Garlic Mustard Control

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Garlic mustard is an invasive, non-native plant that can take over a forest floor, crowding out native plants, including wildflowers. In the late 1800s, garlic mustard was brought to the United States from Europe for use as a culinary herb. Since then, it has spread across most states, including Missouri.

Garlic mustard can be distinguished from ;other woodland mustard plants by its characteristic odor of garlic from all parts of the plant and by the 2- to 4-foot-tall stalks covered with numerous small, four-petalled, white flowers in May.

Effects on Natural Communities

Garlic mustard occurs most frequently in upland and floodplain forests, savannas, and along roadsides. It invades shaded areas, especially disturbed sites, and open woodlands. It is capable of growing in dense shade and occasionally in full sun. Garlic mustard seeds seem to be spread by animals, by flowing water and by human activities. Because each plant disperses a large number of seeds, garlic mustard can outcompete native vegetation for light, moisture, nutrients, soil, and space as it quickly colonizes the area.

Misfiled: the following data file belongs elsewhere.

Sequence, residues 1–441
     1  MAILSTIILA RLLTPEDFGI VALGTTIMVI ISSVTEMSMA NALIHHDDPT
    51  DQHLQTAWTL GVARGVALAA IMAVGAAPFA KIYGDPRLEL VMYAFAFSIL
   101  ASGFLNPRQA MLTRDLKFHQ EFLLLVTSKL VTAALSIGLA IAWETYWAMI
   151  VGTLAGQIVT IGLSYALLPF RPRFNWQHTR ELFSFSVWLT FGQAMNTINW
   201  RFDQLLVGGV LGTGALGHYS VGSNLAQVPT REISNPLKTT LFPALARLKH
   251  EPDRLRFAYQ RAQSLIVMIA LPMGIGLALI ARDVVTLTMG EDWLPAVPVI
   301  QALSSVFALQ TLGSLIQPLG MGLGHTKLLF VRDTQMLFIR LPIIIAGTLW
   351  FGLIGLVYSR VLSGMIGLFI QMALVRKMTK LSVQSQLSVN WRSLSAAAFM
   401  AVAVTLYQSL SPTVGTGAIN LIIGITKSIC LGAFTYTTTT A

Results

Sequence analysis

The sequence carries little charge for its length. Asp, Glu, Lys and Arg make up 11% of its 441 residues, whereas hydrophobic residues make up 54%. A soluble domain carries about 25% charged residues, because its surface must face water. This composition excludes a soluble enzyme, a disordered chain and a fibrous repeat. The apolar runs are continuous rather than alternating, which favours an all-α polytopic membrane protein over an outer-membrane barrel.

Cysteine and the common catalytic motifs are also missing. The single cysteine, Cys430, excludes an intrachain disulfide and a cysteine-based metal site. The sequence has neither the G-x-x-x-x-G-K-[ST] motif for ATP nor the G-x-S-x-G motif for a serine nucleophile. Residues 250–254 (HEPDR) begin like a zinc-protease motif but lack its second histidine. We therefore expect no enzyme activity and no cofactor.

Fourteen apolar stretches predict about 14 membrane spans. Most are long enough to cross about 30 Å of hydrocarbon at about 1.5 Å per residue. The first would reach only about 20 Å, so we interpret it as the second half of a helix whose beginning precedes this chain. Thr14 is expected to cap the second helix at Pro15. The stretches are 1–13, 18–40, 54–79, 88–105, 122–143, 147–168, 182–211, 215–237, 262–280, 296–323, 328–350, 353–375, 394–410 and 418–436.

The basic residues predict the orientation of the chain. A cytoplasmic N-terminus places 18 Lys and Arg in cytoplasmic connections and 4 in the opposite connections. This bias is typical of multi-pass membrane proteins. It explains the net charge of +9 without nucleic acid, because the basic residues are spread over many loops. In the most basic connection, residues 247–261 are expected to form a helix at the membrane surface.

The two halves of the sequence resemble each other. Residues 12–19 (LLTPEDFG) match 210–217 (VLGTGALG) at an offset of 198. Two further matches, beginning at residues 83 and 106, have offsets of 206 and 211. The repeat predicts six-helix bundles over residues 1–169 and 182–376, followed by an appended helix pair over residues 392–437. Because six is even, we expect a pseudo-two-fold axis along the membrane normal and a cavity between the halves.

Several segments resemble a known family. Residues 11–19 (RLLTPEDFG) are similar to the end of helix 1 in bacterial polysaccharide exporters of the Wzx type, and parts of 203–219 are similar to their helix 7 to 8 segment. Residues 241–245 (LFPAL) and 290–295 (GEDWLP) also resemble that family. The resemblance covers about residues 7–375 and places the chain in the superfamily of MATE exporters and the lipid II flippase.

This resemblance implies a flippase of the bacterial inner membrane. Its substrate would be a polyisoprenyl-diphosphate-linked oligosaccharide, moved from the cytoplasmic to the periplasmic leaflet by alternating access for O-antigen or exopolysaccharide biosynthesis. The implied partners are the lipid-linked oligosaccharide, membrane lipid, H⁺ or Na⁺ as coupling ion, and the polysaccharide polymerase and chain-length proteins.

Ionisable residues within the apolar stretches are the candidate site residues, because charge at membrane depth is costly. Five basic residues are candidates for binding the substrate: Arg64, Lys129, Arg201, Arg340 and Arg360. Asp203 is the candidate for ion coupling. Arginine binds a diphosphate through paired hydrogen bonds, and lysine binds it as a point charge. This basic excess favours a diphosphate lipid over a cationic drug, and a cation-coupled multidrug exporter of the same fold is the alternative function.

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Garlic Mustard close--up showing small white flowers and leaves
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Garlic Mustard
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Control Recommendations
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Garlic mustard should be accurately identified before attempting any control measures. If identification of the species is in doubt, the plant's identity should be confirmed by a knowledgeable individual and/or by consulting other appropriate resources.

Pulling

For new infestations and small populations, hand pulling can be effective if done before seed dispersal. The plants generally can be pulled up very easily.

Cutting

Cut the plant a few inches above the ground just after the flower stalks have elongated, but before the flowers have opened. If the plants have budded, they should be bagged and deposited in a landfill. If not completely removed, they will regenerate from any remaining parts and continue to produce seed. Repeat each year until the seed bank is exhausted.

Applying Herbicides

A foliar spray of 2 percent glyphosate can be applied to individual plants in the fall or very early spring when most native plants are dormant. In low-quality areas when non-target vegetation is dormant, apply 2, 4-D or 2, 4-D plus Dicamba, which is selective for broadleaf plants.

Burning

Annual prescribed burns in spring or fall can help eliminate the plant.

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Additional Resources